You have not lived a perfect day, even though you’ve earned your money, unless you have done something for someone who will never be able to repay you.”
— Ruth Smeltzer

Emily T. Campbell

New York

T 212.660.3904
M 917.232.4578
emily.campbell@voltapeople.com

MBTI® Type: ESFJ. Maximizer; Arranger; Developer.

Favorite Book: Now, Discover Your Strengths, Marcus Buckingham & Donald O. Clifton

Certifications + coursework 

  • Certified Professional Co-Active Coach (CPCC) through Coaches Training Institute (CTI)

  • Myers-Briggs Type Indicator® (MBTI®) Assessment

Why did you become a coach?

Because “telling” doesn’t always make sense. I am naturally a developer of people and a maximizer of processes, so people have sought my advice on getting things done. But when you need to stretch yourself to get to the next level or to reach your goals, or need to modify something you’re doing that’s holding you back, being told how to do something doesn’t have the same impact as having a coach walking alongside you to work through the experiences that are necessary for your growth.

Is there a particular lens through which you approach your coaching?

Every person is capable of exploring options, choosing paths, taking action, being resilient and moving forward. I come to my coaching work with respect for my coachees’ capabilities, believing I can help them develop strategies from within in order to reach their personal and professional goals. Through my curiosity, caring and humor, I work with attorneys to illuminate, examine and challenge behaviors, perspectives, attitudes and assumptions that are helping or hindering their progress.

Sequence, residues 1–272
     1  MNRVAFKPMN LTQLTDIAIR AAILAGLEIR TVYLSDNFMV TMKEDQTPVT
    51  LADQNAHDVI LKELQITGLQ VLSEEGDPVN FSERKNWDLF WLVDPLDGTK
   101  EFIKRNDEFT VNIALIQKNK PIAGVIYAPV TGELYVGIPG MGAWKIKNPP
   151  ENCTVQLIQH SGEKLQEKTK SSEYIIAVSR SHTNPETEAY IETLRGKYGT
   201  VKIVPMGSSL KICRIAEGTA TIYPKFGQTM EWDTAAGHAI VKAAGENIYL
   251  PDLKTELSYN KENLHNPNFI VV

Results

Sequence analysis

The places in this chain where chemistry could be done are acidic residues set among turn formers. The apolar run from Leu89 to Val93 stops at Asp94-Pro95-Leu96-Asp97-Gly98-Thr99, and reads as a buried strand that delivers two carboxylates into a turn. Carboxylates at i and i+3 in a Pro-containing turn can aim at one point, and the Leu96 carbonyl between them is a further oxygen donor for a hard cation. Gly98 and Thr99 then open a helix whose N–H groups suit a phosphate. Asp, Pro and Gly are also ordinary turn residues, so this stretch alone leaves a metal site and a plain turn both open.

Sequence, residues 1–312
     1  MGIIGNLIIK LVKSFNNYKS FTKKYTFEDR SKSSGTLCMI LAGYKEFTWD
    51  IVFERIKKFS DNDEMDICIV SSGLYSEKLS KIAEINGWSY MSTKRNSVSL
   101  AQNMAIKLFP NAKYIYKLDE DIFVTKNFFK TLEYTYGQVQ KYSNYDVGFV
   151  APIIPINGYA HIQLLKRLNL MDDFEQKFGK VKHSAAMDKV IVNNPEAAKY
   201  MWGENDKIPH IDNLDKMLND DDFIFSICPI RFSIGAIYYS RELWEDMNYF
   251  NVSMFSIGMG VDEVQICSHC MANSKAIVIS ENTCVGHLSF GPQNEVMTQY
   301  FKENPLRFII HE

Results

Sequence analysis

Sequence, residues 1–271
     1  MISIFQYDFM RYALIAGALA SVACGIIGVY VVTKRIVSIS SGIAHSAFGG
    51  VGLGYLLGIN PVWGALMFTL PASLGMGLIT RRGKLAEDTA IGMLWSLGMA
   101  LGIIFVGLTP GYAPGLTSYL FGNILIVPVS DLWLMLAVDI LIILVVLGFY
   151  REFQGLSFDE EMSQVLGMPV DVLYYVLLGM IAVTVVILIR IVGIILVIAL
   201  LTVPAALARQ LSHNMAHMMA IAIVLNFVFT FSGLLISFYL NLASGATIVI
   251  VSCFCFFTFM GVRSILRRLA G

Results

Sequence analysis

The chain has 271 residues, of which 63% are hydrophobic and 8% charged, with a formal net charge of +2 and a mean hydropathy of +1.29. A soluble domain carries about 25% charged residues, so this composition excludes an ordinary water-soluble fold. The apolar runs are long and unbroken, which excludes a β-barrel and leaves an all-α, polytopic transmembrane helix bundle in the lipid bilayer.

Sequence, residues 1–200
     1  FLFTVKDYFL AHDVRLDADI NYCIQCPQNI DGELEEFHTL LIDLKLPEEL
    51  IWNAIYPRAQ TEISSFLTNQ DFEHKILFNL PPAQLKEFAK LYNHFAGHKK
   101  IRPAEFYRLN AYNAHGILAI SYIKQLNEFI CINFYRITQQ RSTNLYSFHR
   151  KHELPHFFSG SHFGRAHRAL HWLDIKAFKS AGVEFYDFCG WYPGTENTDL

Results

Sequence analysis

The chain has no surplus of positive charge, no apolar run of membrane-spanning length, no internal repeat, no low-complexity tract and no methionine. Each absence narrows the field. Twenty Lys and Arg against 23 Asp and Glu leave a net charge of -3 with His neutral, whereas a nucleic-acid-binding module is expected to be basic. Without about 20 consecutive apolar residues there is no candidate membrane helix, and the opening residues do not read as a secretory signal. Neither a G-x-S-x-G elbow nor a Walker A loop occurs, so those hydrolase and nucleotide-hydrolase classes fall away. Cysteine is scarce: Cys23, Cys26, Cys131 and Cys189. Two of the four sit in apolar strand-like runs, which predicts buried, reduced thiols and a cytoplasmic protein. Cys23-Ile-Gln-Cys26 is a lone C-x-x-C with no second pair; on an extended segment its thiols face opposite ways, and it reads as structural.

What do you see as the key benefits coaching provides?

Coaching can lead to real, lasting change that will have an impact on the coachee’s full life. I enjoy working with attorneys around transition points in their careers, including preparing for promotions and excelling in their new roles, developing strengths as a leader, manager and coach, how to build a practice with deep client relationships and how to integrate and collaborate more effectively with partners, associates and support staff. I also coach on time/life/workload management and communication skills (improving presentation, impact, personal effectiveness and image) and dealing with specific interpersonal challenges.

What makes you a successful coach?

I extend to my coachees what I want for myself: a full and fulfilling life. I get there through a style that is direct, empathetic, intuitive and action-oriented. I am both supportive and challenging, and I love to laugh.

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